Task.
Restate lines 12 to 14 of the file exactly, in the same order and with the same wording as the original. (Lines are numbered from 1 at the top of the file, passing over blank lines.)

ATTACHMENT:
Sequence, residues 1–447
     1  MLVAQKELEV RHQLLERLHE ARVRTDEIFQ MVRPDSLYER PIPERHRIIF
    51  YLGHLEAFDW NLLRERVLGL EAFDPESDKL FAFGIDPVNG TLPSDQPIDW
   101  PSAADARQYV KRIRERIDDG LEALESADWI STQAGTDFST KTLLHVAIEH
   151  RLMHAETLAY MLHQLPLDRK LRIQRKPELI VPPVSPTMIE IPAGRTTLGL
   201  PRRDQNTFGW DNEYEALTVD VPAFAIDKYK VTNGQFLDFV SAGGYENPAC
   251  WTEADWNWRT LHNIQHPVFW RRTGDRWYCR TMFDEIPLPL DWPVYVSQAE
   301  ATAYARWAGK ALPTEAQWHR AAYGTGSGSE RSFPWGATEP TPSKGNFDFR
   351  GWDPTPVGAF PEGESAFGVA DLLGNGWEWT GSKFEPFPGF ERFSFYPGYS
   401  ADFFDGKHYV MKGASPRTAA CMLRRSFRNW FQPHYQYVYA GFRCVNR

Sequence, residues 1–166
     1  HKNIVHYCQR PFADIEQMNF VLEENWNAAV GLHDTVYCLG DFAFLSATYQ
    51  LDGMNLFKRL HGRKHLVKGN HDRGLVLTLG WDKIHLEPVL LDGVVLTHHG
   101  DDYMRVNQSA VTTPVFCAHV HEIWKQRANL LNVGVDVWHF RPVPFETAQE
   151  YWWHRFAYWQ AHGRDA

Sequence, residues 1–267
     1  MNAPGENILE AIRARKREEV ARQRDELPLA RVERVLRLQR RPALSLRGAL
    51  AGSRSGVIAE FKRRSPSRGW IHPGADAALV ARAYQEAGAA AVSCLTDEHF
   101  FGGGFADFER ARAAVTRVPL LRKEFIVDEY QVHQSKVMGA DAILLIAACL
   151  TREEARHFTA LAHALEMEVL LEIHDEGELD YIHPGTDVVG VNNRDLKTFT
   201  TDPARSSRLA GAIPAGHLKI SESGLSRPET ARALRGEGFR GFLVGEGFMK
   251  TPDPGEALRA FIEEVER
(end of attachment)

     1  HKNIVHYCQR PFADIEQMNF VLEENWNAAV GLHDTVYCLG DFAFLSATYQ
    51  LDGMNLFKRL HGRKHLVKGN HDRGLVLTLG WDKIHLEPVL LDGVVLTHHG
   101  DDYMRVNQSA VTTPVFCAHV HEIWKQRANL LNVGVDVWHF RPVPFETAQE